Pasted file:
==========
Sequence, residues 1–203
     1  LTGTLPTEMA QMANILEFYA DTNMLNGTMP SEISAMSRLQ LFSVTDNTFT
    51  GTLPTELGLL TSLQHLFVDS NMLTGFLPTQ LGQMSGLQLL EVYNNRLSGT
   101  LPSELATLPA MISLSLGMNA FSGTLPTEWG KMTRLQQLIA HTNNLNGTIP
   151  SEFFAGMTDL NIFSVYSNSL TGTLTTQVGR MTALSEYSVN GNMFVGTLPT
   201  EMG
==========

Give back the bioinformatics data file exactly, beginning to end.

Sequence, residues 1–203
     1  LTGTLPTEMA QMANILEFYA DTNMLNGTMP SEISAMSRLQ LFSVTDNTFT
    51  GTLPTELGLL TSLQHLFVDS NMLTGFLPTQ LGQMSGLQLL EVYNNRLSGT
   101  LPSELATLPA MISLSLGMNA FSGTLPTEWG KMTRLQQLIA HTNNLNGTIP
   151  SEFFAGMTDL NIFSVYSNSL TGTLTTQVGR MTALSEYSVN GNMFVGTLPT
   201  EMG